The funds have been set aside in the project’s capital budget from past years’ taxes, she said. 

“We are not newly taxing for this. We are not taking it out of a rainy day fund or anything else. We have been saving up money every year as part of our capital budget and we had enough in that account to pay for this municipal responsibility. It was anticipated when we started saving money,”  she said. 

Questions on timing

Gister previously said that delaying the project for an additional year would require obtaining new cost estimates and could result in higher costs.

But, Bill DeJonge, who wrote to CT Examiner on March 3 expressing his concerns, said he was opposed to the way the project has been moved along in what he described as “a sort of nonstop fashion and very rapidly at the end so that they didn’t miss the government’s money.”

“This thing just got rammed through. Behind it, the committee had been meeting for more than 10 years and then the First Selectwoman got excited about getting it done because of state funding, and said it had to get it done by March 1,” he said by phone on April 9. “It was a palpable emergency to just get this done, come hell or high water and that’s what happened.”

DeJonge, who owns two commercial properties in Chester, said he feared the construction project will put most merchants out of business permanently and the town will take a long time to recover. 

“If the pandemic ends in two months or three months and the construction drags on for six months, it will surely kill all the businesses and kill the town,” he said. “If it all gets done in the same time frame, that’s sort of a lucky break, but I don’t anticipate that.”

Drew Archer, owner of Blackkat Leather at 36 Main Street, said downtown merchants had long been concerned about the potential disruption of business caused by the construction project, but the COVID-19 has compounded the issues.

“My worry is we’re closed because of the coronavirus for two months and then if the construction starts afterwards, then it’s more like six months of business disruption,” he said by phone on April 9. 

Archer, who has a lease through the end of the year, acknowledged that the construction was necessary and would be disruptive no matter when it takes place.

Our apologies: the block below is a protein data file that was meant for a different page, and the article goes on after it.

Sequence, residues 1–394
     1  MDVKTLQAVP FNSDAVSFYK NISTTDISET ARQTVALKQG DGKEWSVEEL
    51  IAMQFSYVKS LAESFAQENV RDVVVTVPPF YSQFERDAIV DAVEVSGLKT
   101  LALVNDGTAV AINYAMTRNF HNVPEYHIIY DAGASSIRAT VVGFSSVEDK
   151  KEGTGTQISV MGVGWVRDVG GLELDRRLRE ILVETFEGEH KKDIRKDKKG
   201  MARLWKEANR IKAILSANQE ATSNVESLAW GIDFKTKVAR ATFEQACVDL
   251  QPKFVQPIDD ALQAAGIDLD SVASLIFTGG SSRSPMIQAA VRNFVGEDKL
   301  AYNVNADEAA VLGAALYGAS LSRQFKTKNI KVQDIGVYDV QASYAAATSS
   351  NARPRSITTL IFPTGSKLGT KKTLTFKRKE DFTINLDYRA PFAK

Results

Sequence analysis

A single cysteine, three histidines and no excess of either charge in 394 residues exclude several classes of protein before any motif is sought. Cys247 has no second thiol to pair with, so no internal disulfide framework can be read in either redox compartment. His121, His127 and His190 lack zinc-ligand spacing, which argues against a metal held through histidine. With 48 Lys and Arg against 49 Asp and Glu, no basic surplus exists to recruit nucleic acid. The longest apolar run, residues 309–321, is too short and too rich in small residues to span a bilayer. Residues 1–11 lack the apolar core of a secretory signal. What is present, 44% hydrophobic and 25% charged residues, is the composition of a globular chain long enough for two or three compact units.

“I think I’m concerned about the loss of business, but it really needs to happen, so whether it happens now or next year or whenever, it’s going to be bad, so we may as well get it over with,” he said.

Supporting businesses

Nancy Pinney, owner of the Chester Gallery at 76 Main Street, said she wished the town had timed the construction to best benefit the merchants. 

“I wish either they had started it when they planned to — so it doesn’t cut into our prime season — or to have found a way to delay the start to next year to give us time to prepare because now we’re all dealing with this coronavirus,” she said. “I think it needs to be done and I look forward to it being done, but I just wish it was put off so they could get a more reasonable start date that doesn’t affect the summer season.” 

She also questioned why a stimulus package wasn’t offered to merchants since the construction will negatively impact business. 

Before COVID-19, Gister said a campaign to support businesses during the construction was part of the plan. 

“We were making plans for how to support the businesses, with messages like ‘we’re still open, come shop Chester,’ and then this coronavirus happened, so we don’t know exactly what we’re going to need and how long this is going to go and what things it’s going to affect,” she said 

Archer said his biggest concern was the appearance of the street. 

“People come to visit town and if half of it’s torn up they’re probably not going to stick around for lunch or walk around. Foot traffic is probably going to be minimal,” he said. “Any kind of publicity for the shops down here would be great, especially once this pandemic ends, it would be great to get some people back into town.” 

Dina Varano, who owns Dina Varano Jewelry at 27 Main St. and has been open for business in downtown Chester for 25 years, said the artisans and shop owners have worked hard over the years to make Chester a shopping and gathering destination. 

Varano promised that Chester’s merchants will work together to create a positive, comfortable experience for their customers when they visit during the construction period.

“We all have an online presence and we are trying to spread the word. At the end of the project it will be beautiful,” she said. “We are all closed now for the safety and health of everyone right now. We’re going to make the best of it and we’ll make this work but we would love some support from the community.”